Fish and n-3 Fatty Acids
Long-chain n-3 fatty acids, a type of polyunsaturated fat consumed almost exclusively from fish, may also hold promise for the prevention of Alzheimer's disease. One of the n-3 polyunsaturated fatty acids, docosahexaenoic acid (DHA, 22:6n-3), is the primary component of membrane phospholipids in the brain and is particularly abundant in the more metabolically active areas. DHA is directly available in fish, but smaller amounts can be synthesized endogenously from its precursor n-3 fatty acids, alpha-linolenic acid (18:3n-3) and eicosapentaenoic acid (EPA, 20:5n-3). EPA is also consumed directly from fish, but alpha-linolenic acid is obtained from vegetable oils and nuts.
The n-3 polyunsaturated fatty acids have antiaggregatory, antithrombotic, and anti-inflammatory properties. Much of the evidence of the neuroprotective effects of the n-3 fatty acids stems from investigations of their importance as essential dietary components in early brain development. In animal models, rodents fed diets enriched with n-3 fatty acids performed better in learning and memory tasks compared with rodents fed control diets.[24,25,26] A number of studies have found that the n-3 fatty acid diet resulted in better regulation of neuronal membrane excitability, improved capacity for neuronal transmission, and reduced oxidative damage.
Several case-control studies reported lower biochemical levels of n-3 fatty acids in the plasma and brain tissue of patients with Alzheimer's disease compared with controls. One fish meal a week was associated with a 60% reduction in the risk of developing Alzheimer's disease in both the Rotterdam and Chicago studies.[9,32] The Chicago study also examined risk of disease according to intake of the n-3 fatty acids. Higher total intake of the n-3 fatty acids was significantly associated with a lower risk for Alzheimer's disease. DHA provided the strongest association, EPA was not associated, and alpha-linolenic acid was associated with lower risk only among persons with the APOE-ε4 allele. The Rotterdam study did not find an association between total intake of n-3 fatty acids and risk of Alzheimer's disease.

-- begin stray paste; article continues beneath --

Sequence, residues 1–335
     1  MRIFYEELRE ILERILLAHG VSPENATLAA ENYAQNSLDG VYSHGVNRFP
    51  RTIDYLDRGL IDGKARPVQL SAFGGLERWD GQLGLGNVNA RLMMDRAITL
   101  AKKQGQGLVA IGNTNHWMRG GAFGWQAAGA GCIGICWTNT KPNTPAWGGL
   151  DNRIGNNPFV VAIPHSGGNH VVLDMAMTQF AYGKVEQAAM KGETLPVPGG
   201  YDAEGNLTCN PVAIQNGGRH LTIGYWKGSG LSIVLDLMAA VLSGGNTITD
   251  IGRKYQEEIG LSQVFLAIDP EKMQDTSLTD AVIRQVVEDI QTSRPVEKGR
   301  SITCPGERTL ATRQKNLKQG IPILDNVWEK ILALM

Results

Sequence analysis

Although these studies show promise that dietary intake of fish and n-3 fatty acids may protect against Alzheimer's disease, more research needs to be done before we can attribute the findings of these few studies to a causal association.
Thus far, no human study has indicated that taking a fish oil capsule is associated with less risk of developing the disease, although several clinical trials are currently in progress to examine the therapeutic effect in patients with Alzheimer's disease.
© 2004 Medscape
Cite this: Diet and Alzheimer's Disease: What the Evidence Shows - Medscape - Jan 16, 2004.